Back in 2003, money didn’t grow on trees for the then-New Jersey Nets.
Despite being Eastern Conference champions that season, the team needed some dough to cover summer league expenses.
They also needed a new copy machine for their office.
So, what did they do?
Zach Lowe of Grantland reports that after drafting Creighton star Kyle Korver with the 51st overall pick in the 2003 NBA draft, the team immediately shipped his rights to the Philadelphia 76ers for $125,000.
The Nets used that money to finance summer league and buy a brand-new copy machine.
“We gave away a good player for summer league,” said Rod Thorn, the Nets’ general manager at the time. “It was just one of those things we had to do. At least, that’s how I rationalized it.”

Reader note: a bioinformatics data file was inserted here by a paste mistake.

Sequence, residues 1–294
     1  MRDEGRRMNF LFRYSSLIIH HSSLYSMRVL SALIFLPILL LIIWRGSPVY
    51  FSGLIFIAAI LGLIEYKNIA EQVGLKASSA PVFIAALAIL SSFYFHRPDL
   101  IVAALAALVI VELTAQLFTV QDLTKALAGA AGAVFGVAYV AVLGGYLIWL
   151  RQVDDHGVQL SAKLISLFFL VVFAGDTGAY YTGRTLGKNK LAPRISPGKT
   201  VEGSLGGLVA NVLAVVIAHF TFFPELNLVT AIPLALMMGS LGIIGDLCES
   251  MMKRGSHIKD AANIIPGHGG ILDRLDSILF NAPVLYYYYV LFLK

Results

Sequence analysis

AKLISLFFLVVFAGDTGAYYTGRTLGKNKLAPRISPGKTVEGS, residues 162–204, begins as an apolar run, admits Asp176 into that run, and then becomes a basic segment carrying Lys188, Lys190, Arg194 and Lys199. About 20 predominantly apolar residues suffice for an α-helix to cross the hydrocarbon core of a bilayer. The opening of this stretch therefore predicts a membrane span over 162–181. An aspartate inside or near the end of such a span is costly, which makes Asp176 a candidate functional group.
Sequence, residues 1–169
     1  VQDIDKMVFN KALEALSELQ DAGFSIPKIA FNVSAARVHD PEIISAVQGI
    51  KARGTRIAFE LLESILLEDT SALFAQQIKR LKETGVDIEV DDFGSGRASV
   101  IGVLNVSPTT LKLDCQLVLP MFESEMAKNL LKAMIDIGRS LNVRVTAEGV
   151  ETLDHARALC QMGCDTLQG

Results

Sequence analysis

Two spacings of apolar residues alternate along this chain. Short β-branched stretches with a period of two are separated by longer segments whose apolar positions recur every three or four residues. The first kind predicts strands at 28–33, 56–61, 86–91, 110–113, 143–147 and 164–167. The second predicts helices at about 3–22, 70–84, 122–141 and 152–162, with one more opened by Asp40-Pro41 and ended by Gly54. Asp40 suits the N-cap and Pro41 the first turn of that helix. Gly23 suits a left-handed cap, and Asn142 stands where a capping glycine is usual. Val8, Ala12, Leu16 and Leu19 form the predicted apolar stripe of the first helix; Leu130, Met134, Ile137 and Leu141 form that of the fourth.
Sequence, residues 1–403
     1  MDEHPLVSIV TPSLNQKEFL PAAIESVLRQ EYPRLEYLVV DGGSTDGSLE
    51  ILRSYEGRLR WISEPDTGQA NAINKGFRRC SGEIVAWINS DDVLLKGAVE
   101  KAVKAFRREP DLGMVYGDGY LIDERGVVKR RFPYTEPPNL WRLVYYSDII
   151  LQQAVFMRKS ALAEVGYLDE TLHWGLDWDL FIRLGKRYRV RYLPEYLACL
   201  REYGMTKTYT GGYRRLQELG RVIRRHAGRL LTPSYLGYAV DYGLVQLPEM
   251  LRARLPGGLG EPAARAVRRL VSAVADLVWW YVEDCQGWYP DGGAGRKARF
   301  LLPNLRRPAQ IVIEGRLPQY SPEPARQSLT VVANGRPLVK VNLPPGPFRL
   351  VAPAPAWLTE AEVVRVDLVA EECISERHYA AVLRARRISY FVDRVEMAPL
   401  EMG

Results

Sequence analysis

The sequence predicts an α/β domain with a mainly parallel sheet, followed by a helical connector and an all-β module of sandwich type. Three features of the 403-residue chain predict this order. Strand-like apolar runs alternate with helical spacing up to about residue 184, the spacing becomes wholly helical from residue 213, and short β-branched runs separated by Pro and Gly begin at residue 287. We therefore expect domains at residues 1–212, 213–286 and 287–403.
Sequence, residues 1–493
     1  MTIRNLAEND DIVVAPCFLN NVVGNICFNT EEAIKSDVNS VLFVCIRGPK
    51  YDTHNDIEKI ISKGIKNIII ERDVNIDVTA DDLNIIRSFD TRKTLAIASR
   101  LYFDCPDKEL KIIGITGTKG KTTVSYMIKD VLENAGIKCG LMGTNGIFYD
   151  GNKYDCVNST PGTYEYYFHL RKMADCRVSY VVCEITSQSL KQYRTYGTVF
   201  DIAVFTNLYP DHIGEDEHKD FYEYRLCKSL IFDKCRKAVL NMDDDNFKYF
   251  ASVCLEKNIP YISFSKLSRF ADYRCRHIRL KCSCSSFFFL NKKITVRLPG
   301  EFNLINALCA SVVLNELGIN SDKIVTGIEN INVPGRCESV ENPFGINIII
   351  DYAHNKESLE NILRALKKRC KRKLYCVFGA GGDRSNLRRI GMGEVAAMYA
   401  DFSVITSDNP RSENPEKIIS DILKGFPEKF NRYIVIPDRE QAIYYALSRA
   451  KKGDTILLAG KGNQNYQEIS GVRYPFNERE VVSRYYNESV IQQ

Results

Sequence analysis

Meanwhile, the sharp-shooting Korver has gone on to have a successful career, including setting an NBA record by hitting a 3-pointer in 127 consecutive games.
While Nets fans hope that copy machine better have been the best on the market, it’s difficult to say whether Korver, who has played for four teams in his career, would have even stayed with the Nets for all these years.
That said, it’s funny to think that a team traded a serviceable player for an office supply.
The Nets can at least boast about actually drafting him, though. There were six players, including a dude named Sofoklis Schortsanitis, taken before Korver who never played a game in the NBA and a handful of others who are no longer in the league.
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